What if you lost your home in a tragic storm?Would you be able to stay with neighbors or family?What if your entire city was flattened by a tornado?Where would you go? What would you do?
What if you were a Greensburg, Kansas resident? You would pick up the pieces and put them back together better than before. You would design a model city. Out of the rubble of stricken Greensburg, new hope has grown and a new vision is becoming a reality. Greensburg is rebuilding Green.Where others saw tragedy, Greensburg leaders saw hope The citizens of Greensburg, Kansas, population aproximately 1,500, have taken tragedy and turned it on its ear with big plans to rebuild as a model green city. Town leaders are determined to become the first town in the United States to have all municipal projects built to the highest environmental and efficiency design standards. By rebuilding green they hope to breath new life into a town that was dying long before the tornado ripped it apart.
Kansas was built by extremely strong, and strong-willed, people. They braved a lot of hardships to settle here, on the open prairie, and they tamed it and made it theirs. Their blood still runs in Kansans veins... We are a strong, moral people, and we don't let anything get us down for long. We pick up and go on and live life... more aware than most. - Anita Hohl, Greensburg resident
Turned Green by a Twister - Brian Walsh, Time Magazine
The tornado had measured EF5 on the Enhanced Fujita scale, the highest possible rating, and it left hardly a single wall standing. "I could only think of Hiroshima," remembers Lonnie McCollum, then the town's mayor. "Big strong men looked at what was left and were damn near in tears." Over 1,000 people — more than two-thirds of the town's population — were left homeless. Despite the help that poured in over the following weeks from FEMA, from charities and from nearby towns, residents feared their town had suffered a deathblow. Like many rural Midwestern towns, Greensburg had been losing population for years. Jobs had grown scarce, and few in the town's shrinking high school classes stayed on after graduation. Why rebuild a dying town? "We were barely making it before the tornado," says Wylan Fleener, whose century-old furniture store was reduced to a pile of bricks by the storm. "I thought about leaving every day."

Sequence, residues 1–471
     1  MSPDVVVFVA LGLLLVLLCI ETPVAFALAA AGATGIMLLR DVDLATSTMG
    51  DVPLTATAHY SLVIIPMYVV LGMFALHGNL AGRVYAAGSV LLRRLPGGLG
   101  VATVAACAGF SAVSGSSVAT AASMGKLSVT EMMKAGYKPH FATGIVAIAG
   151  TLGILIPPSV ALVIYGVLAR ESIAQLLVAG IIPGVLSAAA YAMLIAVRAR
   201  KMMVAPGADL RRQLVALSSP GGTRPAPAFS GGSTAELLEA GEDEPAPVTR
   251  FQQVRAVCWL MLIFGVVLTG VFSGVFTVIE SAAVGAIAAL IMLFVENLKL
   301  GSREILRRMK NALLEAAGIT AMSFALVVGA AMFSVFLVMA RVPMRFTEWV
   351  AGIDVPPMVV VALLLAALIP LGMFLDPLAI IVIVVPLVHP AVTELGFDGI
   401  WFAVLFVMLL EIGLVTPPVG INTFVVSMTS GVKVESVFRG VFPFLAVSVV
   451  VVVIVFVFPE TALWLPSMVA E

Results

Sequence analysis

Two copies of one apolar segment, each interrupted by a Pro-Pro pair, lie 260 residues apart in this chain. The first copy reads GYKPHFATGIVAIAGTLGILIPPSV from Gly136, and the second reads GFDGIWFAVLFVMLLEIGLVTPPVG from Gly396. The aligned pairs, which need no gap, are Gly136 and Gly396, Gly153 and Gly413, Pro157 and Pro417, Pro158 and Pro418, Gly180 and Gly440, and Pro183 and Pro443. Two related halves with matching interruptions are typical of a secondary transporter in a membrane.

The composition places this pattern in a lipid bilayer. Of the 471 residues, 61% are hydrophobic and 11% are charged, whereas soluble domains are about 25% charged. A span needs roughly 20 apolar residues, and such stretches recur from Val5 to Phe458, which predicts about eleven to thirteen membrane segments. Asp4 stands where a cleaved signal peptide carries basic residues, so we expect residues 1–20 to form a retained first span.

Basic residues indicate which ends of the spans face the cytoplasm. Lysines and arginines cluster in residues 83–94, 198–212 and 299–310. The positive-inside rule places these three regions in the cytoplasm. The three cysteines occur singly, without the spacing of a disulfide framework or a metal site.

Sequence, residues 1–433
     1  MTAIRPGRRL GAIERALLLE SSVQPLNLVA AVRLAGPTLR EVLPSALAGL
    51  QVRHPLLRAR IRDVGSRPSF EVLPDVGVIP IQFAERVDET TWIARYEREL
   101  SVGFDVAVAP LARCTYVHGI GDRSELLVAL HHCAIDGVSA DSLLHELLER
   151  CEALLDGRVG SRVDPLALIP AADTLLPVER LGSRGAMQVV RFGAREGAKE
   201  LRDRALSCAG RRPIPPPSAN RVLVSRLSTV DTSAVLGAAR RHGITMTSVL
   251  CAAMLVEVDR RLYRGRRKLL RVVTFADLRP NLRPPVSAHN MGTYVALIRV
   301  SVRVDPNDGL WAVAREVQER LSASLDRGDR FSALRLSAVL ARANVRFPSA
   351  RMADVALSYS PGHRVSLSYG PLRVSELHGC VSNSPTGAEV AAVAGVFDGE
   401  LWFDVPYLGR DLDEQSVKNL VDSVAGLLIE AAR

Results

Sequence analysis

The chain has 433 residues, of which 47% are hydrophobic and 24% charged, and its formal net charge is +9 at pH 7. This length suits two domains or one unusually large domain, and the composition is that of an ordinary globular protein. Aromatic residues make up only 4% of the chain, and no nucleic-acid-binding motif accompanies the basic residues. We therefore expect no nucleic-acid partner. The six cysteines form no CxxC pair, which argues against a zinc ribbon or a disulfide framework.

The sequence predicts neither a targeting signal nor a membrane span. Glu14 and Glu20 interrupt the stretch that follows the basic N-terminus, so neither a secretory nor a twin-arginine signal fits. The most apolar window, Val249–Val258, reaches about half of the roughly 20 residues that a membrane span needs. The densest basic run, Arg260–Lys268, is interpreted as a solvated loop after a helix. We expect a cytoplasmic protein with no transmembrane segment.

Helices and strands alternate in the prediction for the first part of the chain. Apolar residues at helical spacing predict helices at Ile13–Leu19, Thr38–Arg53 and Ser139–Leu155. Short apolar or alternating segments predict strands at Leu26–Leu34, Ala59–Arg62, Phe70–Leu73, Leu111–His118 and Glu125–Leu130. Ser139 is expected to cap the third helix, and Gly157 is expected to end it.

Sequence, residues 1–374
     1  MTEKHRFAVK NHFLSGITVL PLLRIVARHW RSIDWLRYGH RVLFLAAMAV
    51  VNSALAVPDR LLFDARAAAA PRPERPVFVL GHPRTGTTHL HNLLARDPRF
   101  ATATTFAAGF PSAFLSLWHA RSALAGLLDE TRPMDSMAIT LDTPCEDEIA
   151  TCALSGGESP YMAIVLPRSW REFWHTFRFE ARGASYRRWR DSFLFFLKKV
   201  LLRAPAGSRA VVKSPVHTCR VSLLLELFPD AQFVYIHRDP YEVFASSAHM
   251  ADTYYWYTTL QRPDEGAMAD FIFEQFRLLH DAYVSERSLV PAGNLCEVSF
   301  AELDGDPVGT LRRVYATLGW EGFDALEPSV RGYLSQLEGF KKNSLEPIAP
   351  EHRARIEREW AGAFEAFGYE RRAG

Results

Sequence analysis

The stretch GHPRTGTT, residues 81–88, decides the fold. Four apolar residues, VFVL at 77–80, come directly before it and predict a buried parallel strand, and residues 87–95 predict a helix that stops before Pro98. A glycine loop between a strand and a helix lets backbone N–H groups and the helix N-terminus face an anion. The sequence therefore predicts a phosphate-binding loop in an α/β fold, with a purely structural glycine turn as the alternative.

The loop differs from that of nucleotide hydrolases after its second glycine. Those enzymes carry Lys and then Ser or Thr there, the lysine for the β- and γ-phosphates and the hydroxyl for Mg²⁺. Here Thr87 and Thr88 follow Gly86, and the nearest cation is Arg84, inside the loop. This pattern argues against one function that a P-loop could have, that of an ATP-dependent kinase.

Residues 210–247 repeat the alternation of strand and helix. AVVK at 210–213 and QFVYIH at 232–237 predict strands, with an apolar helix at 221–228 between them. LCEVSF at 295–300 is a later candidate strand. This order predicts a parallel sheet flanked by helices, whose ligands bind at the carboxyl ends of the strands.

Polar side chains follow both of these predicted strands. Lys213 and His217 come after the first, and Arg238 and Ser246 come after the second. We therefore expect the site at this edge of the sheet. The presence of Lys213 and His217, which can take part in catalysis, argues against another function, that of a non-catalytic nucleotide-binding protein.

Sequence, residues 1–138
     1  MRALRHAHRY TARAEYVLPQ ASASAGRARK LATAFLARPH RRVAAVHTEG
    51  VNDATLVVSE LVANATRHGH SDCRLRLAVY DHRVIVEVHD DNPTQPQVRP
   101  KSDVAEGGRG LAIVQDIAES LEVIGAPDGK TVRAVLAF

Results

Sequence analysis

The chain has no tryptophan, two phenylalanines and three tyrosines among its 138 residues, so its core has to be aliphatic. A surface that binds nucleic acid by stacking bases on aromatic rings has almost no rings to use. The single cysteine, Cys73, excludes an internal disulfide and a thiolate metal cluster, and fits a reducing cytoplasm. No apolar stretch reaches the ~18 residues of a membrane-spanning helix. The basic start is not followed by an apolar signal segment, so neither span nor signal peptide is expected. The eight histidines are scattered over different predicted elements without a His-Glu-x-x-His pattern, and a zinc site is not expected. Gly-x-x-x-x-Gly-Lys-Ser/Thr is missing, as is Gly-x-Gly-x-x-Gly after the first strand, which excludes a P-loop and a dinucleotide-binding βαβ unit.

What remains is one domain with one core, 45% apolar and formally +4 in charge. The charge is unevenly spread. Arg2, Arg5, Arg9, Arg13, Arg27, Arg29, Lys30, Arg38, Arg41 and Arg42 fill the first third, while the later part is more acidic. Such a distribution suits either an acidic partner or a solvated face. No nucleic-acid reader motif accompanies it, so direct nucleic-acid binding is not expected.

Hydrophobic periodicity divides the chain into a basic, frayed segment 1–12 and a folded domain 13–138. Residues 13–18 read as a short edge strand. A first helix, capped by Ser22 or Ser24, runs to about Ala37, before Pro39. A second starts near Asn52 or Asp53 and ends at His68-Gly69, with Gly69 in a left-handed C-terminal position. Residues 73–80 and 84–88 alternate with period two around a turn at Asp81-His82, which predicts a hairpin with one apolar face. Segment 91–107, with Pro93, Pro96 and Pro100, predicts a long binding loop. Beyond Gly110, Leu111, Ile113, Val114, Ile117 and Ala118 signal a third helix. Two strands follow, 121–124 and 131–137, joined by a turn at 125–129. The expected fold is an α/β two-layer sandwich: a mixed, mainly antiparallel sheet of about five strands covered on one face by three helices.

A tornado-razed town is rebuilding green - Eric Mack, Plenty
Despite the near total devastation of the town, it became apparent... that Greensburg is not the sad, grieving place you would expect. A wealth of energy and optimism has arisen here along with many residents’ hopes to rebuild as the “Greenest Town in America” - an energy-efficient, low carbon-emitting, sustainable phoenix, powered, at least in part, by the forces of nature that once reduced it to rubble. “About a week or two after the storm, I was talking with our previous mayor,” recalls Greensburg City Manager Steve Hewitt. “We said ‘There’s an opportunity here. We can do whatever we want to start fresh and make this town over with new parks and new buildings, so why not go green?’” Soon afterwards, Kansas Governor Kathleen Sebelius came to visit and threw her support behind the idea of a new “Greensburg Greentown,” as the project has come to be known. Some of the projects have confounded local residents who care more about getting life back to normal than saving the environment. Devastated by tornado, Kansas town rebuilds on green plan - Apr 20, 2008, GREENSBURG, Kansas (AFP)